• Maybe has a little more room, but it is the ugliest truck on the market and the interior is garbage. One of my friends wanted the new Silverado with the 6.2L V-* so bad, he was ready to pay whatever the dealer wanted. Got in the truck and looked around, it was junk! He got in a Ram and said he didn’t know what happened to GM, but their trucks are junk. He bought the Hemi Ram Crew Cab and could not be happier. You could not give me a GM product to drive, I would sell it and buy a Ram.

      • dodge ram trucks are garbage and if you make it a year without something going wrong you are blessed. better get an extended warranty. a ton of my friends bought them over the years up to now and they are garbage. bad front ends etc

        • I’ve found the Rams to have great engines, too quick wearing steering, and extremely fast rusting bodies. In other words, a different mix of problems from the C/K 1500 and the F150 trucks. But since I can only get a Cummins in a Ram, that’s my choice.

          • Just remember that many truckers call Cummins come-a-parts.
            I doubt that any real big truck diesel will ever be downsized into a pickup.

            • Yes, I know everybody is a critic. Gotta Mechanic Comin’, Fix Or Repair Daily, Poor Old Nigger Thinks It’s A Cadillac, etc. Every work of man has strengths and weaknesses, and doubtless a 5.9 Cummins will “come apart” much sooner under the load of a bus or medium truck than in a 3/4 ton. But in a 3/4 or 1 ton, it’s pretty darned understressed and rugged and capable of doing a lot more than the truck it’s in. But then, as a very conservative engineer and libertarian, I like my systems understressed and wholly lacking in drama.

        • Our VFD has had two of them. The first one we bought used with donations. I drove it back from Missoula where DNRC put a tank/pump on it. I like the Cummins but had the feeling that the engine really needed a real truck around it. It “committed suicide” a few years later when both the parking brake and wheel chock failed. The apparatus survived.

          Insurance and county money bought us a new one back during the last big crash when dealers couldn’t hardy give away a new pickup. It’s nice enough with A/C and a back seat that is actually usable, but it really doesn’t inspire confidence. After we put the big brush guard on the front, it can’t go up a steep hill or through a coulee without bulldozing (most new pickups are like this). With the 4-door cab the one ton is overloaded already with a 200 gallon tank.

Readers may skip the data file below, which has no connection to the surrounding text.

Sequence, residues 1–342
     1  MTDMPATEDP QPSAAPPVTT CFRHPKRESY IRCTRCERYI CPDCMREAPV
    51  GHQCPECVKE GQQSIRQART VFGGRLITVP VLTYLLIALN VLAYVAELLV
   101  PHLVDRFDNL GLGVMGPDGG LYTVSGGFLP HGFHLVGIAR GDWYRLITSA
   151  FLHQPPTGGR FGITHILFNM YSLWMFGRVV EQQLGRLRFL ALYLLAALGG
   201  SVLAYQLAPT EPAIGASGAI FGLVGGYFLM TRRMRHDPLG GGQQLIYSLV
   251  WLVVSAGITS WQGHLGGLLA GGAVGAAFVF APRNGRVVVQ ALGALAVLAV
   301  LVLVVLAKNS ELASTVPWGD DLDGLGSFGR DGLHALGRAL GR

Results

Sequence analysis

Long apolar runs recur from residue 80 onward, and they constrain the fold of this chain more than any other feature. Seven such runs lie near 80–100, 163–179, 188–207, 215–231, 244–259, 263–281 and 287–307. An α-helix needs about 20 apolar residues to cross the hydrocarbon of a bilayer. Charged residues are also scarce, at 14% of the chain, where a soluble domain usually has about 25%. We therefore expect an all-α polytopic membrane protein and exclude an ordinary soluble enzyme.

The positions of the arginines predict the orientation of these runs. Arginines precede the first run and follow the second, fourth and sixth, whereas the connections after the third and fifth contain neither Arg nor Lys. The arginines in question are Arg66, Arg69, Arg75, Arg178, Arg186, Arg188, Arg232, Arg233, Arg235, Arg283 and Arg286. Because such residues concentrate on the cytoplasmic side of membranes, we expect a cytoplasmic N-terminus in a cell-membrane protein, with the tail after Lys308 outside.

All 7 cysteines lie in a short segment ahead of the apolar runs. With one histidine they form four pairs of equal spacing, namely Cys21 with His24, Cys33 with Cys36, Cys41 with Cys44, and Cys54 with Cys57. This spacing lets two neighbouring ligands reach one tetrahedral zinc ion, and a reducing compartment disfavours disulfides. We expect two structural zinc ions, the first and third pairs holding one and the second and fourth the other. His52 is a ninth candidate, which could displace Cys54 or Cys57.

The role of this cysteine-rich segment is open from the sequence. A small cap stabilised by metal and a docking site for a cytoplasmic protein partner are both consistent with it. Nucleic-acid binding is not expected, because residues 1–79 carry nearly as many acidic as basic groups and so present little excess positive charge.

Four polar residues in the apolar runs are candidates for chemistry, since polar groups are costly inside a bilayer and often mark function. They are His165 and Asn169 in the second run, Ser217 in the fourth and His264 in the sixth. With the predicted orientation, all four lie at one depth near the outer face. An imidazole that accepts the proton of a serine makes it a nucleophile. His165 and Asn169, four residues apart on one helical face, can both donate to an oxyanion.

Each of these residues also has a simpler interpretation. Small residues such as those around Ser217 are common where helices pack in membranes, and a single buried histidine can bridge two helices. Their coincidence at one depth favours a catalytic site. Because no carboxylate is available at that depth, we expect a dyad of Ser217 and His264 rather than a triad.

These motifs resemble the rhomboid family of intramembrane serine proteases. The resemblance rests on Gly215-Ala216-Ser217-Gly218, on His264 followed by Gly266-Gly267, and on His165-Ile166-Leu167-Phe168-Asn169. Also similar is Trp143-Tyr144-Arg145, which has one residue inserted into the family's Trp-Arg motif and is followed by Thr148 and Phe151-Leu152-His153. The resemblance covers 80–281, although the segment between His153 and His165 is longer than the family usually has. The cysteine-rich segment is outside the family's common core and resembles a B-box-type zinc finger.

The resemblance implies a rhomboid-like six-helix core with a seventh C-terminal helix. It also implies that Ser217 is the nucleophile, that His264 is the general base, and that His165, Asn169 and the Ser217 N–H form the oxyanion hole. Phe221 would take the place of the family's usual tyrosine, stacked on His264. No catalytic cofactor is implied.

Too bad the Cummins engine isn’t in the Ford 550 regular cab with the 500 gallon tank. I think the V-10 gets gpm instead of mpg – ha!

        • Hi SPQ,

          Well, I must be lucky. My 2002 Dakota is still going strong at 188,000 miles and, outside of routine maintenance, has never needed anything except a clutch at 165,000. My “garbage” truck is the best vehicle I’ve ever owned.

          Cheers,
          Jeremy

  6. It was GM who sued Tucker over his car, the suit was later found to be frivolous but Tucker had been bankrupted defending himself against GM, and his own lousy lawyers. Lawyers are great at hiding the law from you.
    The Camaro was designed by GM Aussie division Holden. Aussies cannot design a 2 door but are great at designing 4 door cars. 2 door cars are a rarity in Australia because of their lack of utility. And that they attract sports car insurance premiums, which are much higher than 4 door premiums.

  7. Is that $22/hr total compensation or just the hourly on the pay stub? Doesn’t seem like much when all we hear about is how factory work is “good jobs.”

  8. Eric, I thought the same thing Re: “If You Can’t Beat ‘Em . . . Sue ‘Em!.”.
    Your analysis of GM’s cars is spot on. I know from experience as I owned all GM for the past 30 years, and had driven almost all of their platforms. Starting around mid 2000’s, something changed. To me, their cars/trucks started getting tuning to maximize mpg and their drive-ability suffered, to me. Then they doubled down on engine gimmicks like direct-injection, etc…. I finally gave up around 5 years ago and my family now owns 3 FCA’s and two Fords. Our favorites are 2 FCA semi-old school v8’s. They are a joy to drive.